Bash script: Shebang usage and best practices

If you have looked at some of our Bash script examples across our website, or seen some others online to learn from, you may have noticed that all of the Bash scripts begin with a shebang.

A shebang is on the first line and starts with two characters #!. Following these characters is the path to the interpreter that should be used to parse the rest of the script. In most cases, this will be the Bash shell, which has a default path of /bin/bash on Linux systems. But there are other interpreters that can be used, or even flags that we can use with them.

In this tutorial, we will go over shebang usage in Bash scripting. We will cover some best practices and show you examples of how to use shebangs in your own shell scripts.

In this tutorial you will learn:

  • How to use a shebang in a Bash script
  • How to use environment variable instead of direct path in shebang
  • How to add flags to shebang
  • How to use other interpreters in shebang besides Bash
How to use a shebang in a Bash script on Linux
How to use a shebang in a Bash script on Linux
Software Requirements and Linux Command Line Conventions
Category Requirements, Conventions or Software Version Used
System Any Linux distro
Software Bash shell (installed by default)
Other Privileged access to your Linux system as root or via the sudo command.
Conventions # – requires given linux commands to be executed with root privileges either directly as a root user or by use of sudo command
$ – requires given linux commands to be executed as a regular non-privileged user

Bash script: Shebang usage and best practices



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If you are writing a Bash script, then you will be using the Bash shell to interpret your script. On Linux, systems, the path to the Bash shell is /bin/bash.

Here is how you would put a shebang at the top of your Bash script:

#!/bin/bash

# the rest of the script
echo "testing..."

The shebang on the first line of our script is how we can immediately tell that this is a Bash script.

If you are executing this script from the Bash shell, then it is not necessary to specify the Bash interpreter with the shebang. However, it is certainly recommended that you specify it anyway. If someone executes your script from a different shell, then the script could be parsed with an unintended interpreter.

Shebang usage examples

Let’s look at a few other examples of how shebangs can be used.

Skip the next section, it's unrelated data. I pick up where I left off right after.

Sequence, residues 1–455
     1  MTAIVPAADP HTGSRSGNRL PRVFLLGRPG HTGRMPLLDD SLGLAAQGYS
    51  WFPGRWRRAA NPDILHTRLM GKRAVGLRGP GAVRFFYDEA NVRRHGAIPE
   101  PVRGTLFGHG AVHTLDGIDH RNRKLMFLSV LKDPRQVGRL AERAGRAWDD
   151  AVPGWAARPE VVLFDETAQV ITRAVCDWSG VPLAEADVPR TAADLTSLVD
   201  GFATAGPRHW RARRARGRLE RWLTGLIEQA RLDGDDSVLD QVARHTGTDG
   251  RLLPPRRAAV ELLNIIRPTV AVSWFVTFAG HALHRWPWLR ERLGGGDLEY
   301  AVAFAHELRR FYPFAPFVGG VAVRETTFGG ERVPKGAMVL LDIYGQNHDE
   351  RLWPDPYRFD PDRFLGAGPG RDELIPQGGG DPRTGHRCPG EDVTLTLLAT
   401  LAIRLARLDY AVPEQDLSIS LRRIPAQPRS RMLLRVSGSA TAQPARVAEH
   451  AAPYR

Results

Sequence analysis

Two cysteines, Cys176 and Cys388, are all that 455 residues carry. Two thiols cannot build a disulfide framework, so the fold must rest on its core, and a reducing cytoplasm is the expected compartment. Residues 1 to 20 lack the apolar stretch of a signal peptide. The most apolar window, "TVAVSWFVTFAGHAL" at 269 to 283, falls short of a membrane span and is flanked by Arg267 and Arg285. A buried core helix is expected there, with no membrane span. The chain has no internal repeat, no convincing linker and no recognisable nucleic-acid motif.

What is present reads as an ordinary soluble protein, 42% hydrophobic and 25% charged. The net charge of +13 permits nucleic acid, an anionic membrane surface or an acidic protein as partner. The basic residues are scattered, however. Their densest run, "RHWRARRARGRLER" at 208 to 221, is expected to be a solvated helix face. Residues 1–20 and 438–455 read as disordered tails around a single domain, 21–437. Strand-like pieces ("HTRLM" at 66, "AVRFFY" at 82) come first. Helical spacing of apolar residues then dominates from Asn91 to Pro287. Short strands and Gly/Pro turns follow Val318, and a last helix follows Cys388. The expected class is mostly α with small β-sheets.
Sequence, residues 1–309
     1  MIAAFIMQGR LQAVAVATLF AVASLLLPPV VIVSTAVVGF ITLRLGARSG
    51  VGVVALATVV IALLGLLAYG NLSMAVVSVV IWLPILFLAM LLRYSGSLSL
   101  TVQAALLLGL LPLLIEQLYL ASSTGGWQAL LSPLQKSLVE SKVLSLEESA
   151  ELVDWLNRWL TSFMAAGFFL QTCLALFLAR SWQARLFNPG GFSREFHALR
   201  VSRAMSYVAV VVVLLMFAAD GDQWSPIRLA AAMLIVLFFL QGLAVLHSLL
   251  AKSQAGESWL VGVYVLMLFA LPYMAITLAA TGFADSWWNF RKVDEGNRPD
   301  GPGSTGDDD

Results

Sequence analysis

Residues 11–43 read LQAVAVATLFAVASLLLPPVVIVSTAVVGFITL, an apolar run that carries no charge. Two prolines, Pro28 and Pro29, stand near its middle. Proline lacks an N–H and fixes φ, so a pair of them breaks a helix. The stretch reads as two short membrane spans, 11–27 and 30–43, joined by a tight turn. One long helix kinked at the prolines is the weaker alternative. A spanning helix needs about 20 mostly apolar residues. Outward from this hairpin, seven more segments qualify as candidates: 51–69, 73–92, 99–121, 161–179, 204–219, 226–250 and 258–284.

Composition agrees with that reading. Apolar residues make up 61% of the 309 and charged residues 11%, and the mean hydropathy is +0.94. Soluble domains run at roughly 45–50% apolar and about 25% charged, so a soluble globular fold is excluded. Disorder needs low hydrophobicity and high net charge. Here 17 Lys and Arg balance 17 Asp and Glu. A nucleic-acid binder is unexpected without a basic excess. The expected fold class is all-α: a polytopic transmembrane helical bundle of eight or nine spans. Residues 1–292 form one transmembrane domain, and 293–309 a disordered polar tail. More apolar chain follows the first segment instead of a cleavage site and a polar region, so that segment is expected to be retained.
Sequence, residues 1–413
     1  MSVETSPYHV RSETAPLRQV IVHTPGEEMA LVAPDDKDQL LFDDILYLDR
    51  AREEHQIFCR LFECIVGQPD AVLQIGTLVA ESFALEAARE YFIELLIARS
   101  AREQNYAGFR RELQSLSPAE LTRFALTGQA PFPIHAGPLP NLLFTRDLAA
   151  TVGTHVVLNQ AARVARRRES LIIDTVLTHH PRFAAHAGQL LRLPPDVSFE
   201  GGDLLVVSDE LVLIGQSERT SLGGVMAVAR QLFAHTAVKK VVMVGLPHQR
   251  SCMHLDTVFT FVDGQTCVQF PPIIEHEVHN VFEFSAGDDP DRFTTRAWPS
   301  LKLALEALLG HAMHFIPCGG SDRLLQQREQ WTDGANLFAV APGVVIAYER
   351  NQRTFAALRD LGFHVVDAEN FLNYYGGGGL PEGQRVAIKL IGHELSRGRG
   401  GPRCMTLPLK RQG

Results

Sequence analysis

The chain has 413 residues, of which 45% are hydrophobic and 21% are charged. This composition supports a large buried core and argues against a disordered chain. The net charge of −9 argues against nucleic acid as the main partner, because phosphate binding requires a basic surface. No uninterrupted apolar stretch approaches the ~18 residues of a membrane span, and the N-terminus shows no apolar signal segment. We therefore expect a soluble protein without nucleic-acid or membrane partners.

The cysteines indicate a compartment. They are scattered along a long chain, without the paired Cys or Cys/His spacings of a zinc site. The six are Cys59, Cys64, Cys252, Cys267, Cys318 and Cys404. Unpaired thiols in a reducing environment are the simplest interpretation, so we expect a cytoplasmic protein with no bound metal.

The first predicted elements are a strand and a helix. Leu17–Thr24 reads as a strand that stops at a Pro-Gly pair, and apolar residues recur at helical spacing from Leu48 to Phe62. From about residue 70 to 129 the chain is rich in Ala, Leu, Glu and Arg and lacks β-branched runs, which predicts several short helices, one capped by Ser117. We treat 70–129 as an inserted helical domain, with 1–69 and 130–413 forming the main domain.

1. The usual way to use a shebang in a Bash script:
    #!/bin/bash
    
  2. A technically better way to use a shebang is by specifying the environment variable to the intentended interpreter. That is because /bin/bash is not always the path to the Bash shell. It is only a different path in very rare cases, though, so it does not usually matter. At any rate, here is how you would use the environment variable to specify the Bash shell.
    #!/usr/bin/env bash
    



  3. We can also add flags to the interpreter. For example, the -v flag is used to print shell input lines as they are read. This is great for debugging or troubleshooting a script to figure out how exactly it is processing the file.
    #!/bin/bash -v
    
  4. This tutorial is particularly about Bash scripts, but let’s not forget that there are many other shells out there, and you therefore may see some different shebangs. This one uses the /bin/sh shell, which is also a very common interpreter.
    #!/bin/sh
    
  5. Another extremely common interpreter to use in scripts is Python.
    #!/usr/bin/env python
    OR
    #!/usr/bin/python
    
  6. Another trick you should know about is how to override the shebang in a script. Just specify the shell you would like to interpret a script with when you are executing the script on the command line. For example, let’s say that my_script has the #!/bin/sh shebang on its first line, but you want to interpret the file with Bash instead.
    $ bash my_script
    

Closing Thoughts




In this tutorial, we saw how to use a shebang in a Bash script on Linux. You also learned about best practices, such as using the environment variable instead of the direct path to an interpreter. Finally, we covered various examples of using flags with the shebang and other types of interpreters, so you will be armed with all the necessary knowledge regardless of what type of script you come across.



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